2:00 – 4:00 PM Open Meeting
The first hour is open for sharing and the 2nd hour we read from the Big Red Book and discuss what comes up.
Directions to the Meeting:
Using your favorite GPS application and the address above will bring you right to the Day Hospital building.
Ridgeview is located off I-285 at Exit 15 (South Cobb Drive). From Exit 15, you will travel north on South Cobb Drive approximately 2.5 miles. Ridgeview is on the right.
Turn right on Glenridge Rd and then take a right at the first stop sign. Park in the first parking lot to your right.
The meeting is in the Day Hospital Rooms 1&2, which is adjacent to the parking lot.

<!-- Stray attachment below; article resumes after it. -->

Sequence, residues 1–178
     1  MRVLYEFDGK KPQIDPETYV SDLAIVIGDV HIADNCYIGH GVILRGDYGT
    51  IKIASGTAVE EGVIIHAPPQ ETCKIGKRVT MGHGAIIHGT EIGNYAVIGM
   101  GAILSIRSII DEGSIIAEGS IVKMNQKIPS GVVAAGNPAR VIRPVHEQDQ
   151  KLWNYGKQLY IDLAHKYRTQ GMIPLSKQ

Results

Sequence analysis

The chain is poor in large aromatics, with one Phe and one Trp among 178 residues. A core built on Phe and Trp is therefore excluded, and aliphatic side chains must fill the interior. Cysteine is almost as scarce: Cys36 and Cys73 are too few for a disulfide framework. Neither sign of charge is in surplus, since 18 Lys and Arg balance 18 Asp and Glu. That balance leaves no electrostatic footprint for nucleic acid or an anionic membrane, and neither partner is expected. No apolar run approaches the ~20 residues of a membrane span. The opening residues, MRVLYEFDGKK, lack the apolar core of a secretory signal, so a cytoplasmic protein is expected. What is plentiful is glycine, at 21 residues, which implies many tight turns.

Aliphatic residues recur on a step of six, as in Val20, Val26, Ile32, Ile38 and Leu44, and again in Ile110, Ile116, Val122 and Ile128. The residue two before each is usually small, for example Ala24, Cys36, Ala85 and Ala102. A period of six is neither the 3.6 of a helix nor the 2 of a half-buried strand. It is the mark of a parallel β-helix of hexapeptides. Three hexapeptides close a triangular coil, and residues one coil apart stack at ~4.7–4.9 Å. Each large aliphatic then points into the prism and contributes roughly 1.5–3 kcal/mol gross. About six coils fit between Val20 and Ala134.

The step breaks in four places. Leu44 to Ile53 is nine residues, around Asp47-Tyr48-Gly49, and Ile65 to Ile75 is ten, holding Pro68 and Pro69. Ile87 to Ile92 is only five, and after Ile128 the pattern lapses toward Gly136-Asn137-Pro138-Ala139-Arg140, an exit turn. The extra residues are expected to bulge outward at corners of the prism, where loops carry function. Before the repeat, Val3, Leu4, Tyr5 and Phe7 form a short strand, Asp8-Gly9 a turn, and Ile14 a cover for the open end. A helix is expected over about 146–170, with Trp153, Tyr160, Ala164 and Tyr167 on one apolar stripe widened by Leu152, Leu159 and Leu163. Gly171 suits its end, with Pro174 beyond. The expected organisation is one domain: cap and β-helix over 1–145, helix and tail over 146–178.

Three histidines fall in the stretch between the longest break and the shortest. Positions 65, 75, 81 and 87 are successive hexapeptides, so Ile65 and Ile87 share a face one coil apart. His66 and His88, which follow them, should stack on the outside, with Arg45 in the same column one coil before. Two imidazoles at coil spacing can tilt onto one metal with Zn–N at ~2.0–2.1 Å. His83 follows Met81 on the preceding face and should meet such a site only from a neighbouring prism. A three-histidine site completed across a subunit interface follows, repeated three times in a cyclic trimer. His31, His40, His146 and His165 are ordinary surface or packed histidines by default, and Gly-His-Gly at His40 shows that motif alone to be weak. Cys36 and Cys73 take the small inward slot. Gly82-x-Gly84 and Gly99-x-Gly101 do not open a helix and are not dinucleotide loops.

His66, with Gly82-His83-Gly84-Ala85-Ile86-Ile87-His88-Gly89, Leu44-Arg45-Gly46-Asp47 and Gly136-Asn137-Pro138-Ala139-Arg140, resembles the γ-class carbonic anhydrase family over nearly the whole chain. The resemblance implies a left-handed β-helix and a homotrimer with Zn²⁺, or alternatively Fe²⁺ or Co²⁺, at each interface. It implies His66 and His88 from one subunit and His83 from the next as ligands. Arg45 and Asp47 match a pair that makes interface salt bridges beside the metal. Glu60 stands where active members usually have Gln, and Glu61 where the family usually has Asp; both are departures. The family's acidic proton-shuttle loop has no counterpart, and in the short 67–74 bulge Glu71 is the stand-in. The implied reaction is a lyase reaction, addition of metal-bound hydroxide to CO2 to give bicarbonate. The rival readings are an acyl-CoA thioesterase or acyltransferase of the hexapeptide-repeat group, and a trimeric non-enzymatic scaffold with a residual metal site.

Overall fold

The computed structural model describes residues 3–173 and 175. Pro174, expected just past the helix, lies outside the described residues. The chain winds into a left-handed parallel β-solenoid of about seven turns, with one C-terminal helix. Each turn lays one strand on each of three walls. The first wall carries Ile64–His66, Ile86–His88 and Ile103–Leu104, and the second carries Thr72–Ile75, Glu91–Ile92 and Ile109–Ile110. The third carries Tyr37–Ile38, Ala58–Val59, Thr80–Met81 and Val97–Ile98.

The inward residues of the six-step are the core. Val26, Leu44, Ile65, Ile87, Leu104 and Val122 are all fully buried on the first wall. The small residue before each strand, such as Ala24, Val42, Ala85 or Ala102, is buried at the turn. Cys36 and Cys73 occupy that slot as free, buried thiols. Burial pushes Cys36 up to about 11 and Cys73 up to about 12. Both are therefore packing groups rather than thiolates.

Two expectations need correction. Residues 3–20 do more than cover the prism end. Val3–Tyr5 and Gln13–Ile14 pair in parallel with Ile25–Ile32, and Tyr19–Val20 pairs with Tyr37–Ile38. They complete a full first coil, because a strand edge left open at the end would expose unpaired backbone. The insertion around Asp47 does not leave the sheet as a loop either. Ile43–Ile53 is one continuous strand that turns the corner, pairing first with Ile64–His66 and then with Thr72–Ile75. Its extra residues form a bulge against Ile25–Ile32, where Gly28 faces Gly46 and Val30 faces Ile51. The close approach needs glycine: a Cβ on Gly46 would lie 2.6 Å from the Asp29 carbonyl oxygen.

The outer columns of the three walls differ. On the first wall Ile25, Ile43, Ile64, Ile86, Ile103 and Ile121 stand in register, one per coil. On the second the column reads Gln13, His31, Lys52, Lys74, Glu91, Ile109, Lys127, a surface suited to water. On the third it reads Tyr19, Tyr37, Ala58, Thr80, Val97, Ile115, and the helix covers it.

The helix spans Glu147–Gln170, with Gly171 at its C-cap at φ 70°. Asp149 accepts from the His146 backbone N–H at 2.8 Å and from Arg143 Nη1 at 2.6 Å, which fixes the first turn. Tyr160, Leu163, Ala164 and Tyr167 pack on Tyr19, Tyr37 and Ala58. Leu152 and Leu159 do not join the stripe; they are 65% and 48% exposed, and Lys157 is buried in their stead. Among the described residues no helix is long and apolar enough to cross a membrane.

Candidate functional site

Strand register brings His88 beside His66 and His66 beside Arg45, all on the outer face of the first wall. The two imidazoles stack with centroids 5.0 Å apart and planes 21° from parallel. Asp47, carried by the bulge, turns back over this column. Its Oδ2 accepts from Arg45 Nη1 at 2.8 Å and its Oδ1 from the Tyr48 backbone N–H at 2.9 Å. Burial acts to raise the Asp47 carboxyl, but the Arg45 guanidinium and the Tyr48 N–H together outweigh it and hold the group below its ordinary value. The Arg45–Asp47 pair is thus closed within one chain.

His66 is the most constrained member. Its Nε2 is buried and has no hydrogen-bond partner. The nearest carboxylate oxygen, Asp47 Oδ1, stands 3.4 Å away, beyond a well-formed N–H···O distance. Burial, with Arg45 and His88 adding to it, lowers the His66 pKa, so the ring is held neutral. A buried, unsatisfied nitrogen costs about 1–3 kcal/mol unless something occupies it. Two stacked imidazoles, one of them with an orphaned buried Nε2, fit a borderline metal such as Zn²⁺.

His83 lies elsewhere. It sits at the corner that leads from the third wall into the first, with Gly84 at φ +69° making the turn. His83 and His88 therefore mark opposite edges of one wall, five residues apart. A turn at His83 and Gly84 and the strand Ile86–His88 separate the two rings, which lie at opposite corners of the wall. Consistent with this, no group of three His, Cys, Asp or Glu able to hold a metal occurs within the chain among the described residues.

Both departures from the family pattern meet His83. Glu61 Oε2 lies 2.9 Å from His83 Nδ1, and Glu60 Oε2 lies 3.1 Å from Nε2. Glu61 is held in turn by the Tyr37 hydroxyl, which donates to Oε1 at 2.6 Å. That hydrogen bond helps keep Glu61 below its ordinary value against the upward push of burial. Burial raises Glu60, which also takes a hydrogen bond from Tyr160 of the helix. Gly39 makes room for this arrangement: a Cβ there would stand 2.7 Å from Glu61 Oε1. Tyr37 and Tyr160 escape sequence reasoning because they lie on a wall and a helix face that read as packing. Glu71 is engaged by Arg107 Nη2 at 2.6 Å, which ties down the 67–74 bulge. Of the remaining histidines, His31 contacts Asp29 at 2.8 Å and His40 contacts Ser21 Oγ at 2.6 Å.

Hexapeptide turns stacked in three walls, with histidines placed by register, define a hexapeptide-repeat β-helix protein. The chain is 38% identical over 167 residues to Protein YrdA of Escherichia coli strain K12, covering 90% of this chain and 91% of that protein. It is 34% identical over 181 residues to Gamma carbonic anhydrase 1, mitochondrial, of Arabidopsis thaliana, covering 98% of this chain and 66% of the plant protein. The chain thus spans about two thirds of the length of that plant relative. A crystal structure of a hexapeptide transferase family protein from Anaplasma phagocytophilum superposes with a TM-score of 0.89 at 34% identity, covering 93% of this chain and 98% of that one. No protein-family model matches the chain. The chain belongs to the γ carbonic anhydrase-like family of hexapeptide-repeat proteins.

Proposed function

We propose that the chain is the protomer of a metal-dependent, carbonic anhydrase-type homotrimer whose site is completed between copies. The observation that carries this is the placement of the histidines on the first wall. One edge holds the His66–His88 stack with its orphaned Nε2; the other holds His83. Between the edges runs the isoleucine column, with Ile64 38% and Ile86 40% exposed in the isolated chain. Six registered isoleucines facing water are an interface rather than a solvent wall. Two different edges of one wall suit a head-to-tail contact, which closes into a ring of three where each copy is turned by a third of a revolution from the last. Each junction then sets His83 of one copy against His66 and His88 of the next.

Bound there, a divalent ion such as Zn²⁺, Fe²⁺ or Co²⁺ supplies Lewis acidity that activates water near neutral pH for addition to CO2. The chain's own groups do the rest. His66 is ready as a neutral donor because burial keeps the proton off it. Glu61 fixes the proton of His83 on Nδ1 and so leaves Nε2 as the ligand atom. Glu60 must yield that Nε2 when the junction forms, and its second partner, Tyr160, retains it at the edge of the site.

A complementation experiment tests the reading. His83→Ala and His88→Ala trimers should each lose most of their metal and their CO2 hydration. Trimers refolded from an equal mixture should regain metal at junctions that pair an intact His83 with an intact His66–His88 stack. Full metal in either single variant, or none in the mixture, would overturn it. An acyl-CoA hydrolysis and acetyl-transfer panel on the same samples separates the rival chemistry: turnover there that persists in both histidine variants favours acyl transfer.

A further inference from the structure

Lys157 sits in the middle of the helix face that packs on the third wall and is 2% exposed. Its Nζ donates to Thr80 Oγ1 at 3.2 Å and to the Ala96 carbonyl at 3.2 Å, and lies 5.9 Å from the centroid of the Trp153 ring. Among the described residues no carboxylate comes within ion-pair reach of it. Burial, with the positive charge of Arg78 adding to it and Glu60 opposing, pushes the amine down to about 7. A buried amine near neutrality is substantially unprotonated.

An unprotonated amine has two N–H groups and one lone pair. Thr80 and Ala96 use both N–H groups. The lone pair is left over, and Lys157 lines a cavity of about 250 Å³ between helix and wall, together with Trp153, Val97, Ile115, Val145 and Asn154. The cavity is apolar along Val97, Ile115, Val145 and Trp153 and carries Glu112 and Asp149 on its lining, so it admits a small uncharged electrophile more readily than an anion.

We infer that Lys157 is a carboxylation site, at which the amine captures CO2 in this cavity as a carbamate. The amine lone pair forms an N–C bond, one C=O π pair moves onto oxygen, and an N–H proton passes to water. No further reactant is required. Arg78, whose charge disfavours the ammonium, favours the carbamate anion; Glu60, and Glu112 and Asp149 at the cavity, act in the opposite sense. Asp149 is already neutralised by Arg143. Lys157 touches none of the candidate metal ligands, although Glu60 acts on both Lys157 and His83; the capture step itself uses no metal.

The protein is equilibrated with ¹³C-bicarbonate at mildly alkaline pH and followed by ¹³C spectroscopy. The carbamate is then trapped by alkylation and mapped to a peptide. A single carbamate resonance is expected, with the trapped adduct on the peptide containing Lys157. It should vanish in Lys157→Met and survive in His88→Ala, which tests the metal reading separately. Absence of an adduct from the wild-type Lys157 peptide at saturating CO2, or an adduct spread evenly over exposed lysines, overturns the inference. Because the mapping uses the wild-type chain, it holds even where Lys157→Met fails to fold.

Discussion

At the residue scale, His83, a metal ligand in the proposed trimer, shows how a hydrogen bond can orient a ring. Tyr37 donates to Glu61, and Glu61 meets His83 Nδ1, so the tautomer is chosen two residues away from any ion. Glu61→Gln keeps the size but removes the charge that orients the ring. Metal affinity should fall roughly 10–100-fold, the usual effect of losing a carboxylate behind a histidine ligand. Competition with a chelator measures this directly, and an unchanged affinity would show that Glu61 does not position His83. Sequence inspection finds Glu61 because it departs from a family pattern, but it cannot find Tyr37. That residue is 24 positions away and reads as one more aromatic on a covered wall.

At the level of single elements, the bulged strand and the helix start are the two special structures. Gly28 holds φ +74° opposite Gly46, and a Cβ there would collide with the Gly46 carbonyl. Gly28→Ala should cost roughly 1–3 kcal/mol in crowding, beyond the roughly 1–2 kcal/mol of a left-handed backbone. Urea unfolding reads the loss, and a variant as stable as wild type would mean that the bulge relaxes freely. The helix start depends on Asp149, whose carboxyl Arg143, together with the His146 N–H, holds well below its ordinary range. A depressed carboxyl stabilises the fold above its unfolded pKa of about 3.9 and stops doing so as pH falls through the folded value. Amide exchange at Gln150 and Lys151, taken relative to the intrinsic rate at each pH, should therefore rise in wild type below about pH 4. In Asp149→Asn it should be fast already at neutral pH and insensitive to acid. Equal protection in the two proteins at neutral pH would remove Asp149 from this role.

Ridgeview Phone Numbers: (770) 434-4567 or (800) 329-9775.
7:00 – 9:00 PM Closed Meeting
ACAa Only – No advanced registration is required
Johns Creek Presbyterian Church
10950 Bell Road
Johns Creek, Georgia 30097
This meeting lasts for one hour and forty-five minutes. The first part of the meeting is available for checking in / sharing. During the remaining portion, we work from the ACA Red Book.
From Atlanta – north on SR141/Medlock Bridge Rd. turn right on Bell Rd. after passing SR120. The church is on the right side. We meet in a room in the back of the church, lower level, next to the playground.
Brenda (770) 317-7351
12:30 – 2:00 PM Women Only
7:00 – 8:45 PM Open Meeting
This meeting lasts for one hour and forty-five minutes. The first part of the meeting is available for checking in and sharing. During the remaining portion we work from our ACA 12 Step Workbook.
7:00 – 8:45 PM Open Meeting
Open Discussion and Sharing
7:15 – 8:45 PM Open Meeting